Relative Strength Index (RSI): RSI is a momentum indicator. It uses a combination of two formulas which provides a value between 0 and 100, and RSI oscillates between these two bounds over a period. When the number and size of the gains increases, the value of RSI increases, indicating a stronger uptrend. When the number and size of the losses increases, the value of RSI decreases, indicating a stronger downtrend. RSI is commonly used to identify overbought and oversold conditions; overbought conditions signify the uptrend is nearing an end, whereas oversold conditions signify the downtrend is nearing an end. Typically, an RSI value below 30 is considered oversold and an RSI value above 70 is considered overbought. However, it is best to study the specific ticker, as RSI patterns are specific to each stock. Divergence can also be used to identify reversals; divergence is when the trend of RSI is opposite to the trend of the price action. For example, if the price is in an uptrend, but the RSI is in a downtrend, this is bearish divergence, signifying that the uptrend is likely to reverse.
Moving Average: A moving average price is an average price from a certain number of bars which is updated after each new bar. Moving averages are used in many ways for trading. Moving averages can be used to demonstrate a general trend and identify the levels of resistance and support. The crossing of moving averages from different time periods can also be used to predict movements (i.e. moving average from a lower timeframe crossing over the moving average from a higher timeframe is considered bullish), however rarely use this aspect of moving averages in our analysis. There are a few types of moving averages. The simple moving average is the sum of the closing prices divided by the number of bars, and each bar has an equal weight. The exponential moving average gives a higher weight to the most recent prices. The smoothed moving average is like the simple moving average, but it smooths out the large fluctuations. We most often use the smoothed moving average.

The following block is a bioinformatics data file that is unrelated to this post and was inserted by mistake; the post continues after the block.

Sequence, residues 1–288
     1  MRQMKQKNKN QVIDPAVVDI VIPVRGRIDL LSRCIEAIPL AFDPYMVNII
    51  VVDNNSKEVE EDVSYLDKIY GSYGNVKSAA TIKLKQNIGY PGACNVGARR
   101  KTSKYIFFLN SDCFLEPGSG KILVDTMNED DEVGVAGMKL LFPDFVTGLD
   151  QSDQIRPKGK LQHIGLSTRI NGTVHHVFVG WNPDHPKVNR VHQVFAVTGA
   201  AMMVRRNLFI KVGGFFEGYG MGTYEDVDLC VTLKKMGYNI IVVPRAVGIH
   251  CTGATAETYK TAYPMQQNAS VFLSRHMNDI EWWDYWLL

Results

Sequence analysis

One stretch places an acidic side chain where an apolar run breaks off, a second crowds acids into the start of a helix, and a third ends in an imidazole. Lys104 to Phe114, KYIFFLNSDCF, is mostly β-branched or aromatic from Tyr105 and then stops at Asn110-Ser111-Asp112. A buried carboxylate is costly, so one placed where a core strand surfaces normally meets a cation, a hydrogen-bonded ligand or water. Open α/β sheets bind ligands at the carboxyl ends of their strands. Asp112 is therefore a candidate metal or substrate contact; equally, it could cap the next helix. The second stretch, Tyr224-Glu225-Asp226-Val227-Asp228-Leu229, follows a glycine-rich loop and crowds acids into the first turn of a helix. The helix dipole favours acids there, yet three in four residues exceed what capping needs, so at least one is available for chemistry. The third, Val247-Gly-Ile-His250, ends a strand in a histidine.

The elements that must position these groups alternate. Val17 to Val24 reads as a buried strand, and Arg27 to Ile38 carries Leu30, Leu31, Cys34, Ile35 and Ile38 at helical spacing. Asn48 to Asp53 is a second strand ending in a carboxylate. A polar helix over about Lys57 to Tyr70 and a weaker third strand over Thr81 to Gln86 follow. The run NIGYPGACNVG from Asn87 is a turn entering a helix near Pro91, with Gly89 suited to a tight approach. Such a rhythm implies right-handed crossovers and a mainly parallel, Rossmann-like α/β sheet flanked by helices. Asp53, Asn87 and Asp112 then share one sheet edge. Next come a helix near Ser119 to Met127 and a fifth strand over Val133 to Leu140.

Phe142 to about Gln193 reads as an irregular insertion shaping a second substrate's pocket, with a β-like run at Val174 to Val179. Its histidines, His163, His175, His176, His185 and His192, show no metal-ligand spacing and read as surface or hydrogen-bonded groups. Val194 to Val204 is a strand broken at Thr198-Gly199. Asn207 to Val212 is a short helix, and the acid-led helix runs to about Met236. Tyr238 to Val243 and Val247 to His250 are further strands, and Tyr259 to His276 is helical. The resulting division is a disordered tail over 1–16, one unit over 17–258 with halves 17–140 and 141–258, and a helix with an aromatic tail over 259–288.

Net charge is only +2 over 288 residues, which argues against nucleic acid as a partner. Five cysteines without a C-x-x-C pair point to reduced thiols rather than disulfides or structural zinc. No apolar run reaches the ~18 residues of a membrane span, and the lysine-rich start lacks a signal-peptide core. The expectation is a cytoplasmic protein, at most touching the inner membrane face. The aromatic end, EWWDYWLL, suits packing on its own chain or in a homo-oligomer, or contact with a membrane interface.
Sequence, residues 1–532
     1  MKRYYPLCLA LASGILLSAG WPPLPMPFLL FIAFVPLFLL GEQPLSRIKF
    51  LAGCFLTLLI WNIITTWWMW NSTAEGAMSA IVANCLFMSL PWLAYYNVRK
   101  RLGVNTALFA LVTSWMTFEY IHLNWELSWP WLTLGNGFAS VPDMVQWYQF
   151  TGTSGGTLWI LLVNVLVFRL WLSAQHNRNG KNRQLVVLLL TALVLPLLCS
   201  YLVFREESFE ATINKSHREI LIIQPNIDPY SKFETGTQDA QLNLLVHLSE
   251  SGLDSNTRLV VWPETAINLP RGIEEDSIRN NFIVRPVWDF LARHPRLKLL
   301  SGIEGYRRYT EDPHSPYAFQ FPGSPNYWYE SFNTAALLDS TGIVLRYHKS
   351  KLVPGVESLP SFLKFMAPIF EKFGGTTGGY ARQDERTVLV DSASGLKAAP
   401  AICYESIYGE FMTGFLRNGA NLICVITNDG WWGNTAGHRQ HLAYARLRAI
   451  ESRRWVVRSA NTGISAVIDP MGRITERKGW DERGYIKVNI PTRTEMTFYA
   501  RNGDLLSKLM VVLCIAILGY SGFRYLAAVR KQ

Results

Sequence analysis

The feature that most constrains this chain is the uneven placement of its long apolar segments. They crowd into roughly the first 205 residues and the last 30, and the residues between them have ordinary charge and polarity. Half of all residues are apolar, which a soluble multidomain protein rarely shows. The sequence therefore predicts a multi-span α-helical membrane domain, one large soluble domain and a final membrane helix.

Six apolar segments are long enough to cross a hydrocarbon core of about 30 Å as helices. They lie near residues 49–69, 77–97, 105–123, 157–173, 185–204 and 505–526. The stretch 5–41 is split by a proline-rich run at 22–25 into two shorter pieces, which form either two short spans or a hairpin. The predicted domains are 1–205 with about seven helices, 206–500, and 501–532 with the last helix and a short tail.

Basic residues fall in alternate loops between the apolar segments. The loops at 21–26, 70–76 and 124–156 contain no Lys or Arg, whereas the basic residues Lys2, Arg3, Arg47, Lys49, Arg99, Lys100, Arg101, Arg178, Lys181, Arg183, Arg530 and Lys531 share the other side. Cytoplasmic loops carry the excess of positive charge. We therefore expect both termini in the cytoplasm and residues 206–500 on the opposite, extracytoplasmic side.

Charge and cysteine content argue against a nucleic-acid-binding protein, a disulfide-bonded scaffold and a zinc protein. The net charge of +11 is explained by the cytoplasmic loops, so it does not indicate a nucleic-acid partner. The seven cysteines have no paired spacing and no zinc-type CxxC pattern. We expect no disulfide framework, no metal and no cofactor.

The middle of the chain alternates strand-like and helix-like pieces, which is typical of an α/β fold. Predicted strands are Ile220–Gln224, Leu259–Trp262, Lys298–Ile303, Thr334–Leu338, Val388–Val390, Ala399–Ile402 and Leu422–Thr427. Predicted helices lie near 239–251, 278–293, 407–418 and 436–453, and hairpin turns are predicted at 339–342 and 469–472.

Volume: Volume shows the number of transactions occurring during a single bar (1hr, 1d, 1w, etc.). Increases in volume are usually accompanied by large movements in stock price, which is why the observation of volume and volume trends is important. For example, increasing volume in a trend is a sign that the trend will continue, whereas low volume movements are typically not sustained. It is also important to observe the movement of the price, and the volume during the movement. This is a technique that we find reliable in identifying peaks. On an uptrend, as soon as the volume on a bearish candle exceeds significant volume on the previous bullish candle, this is usually a sign of an incoming dip. A similar idea can be applied to downtrends; when the volume on a bullish candle exceeds significant volume on the previous bearish candle, it is usually a good sign of an incoming spike in price.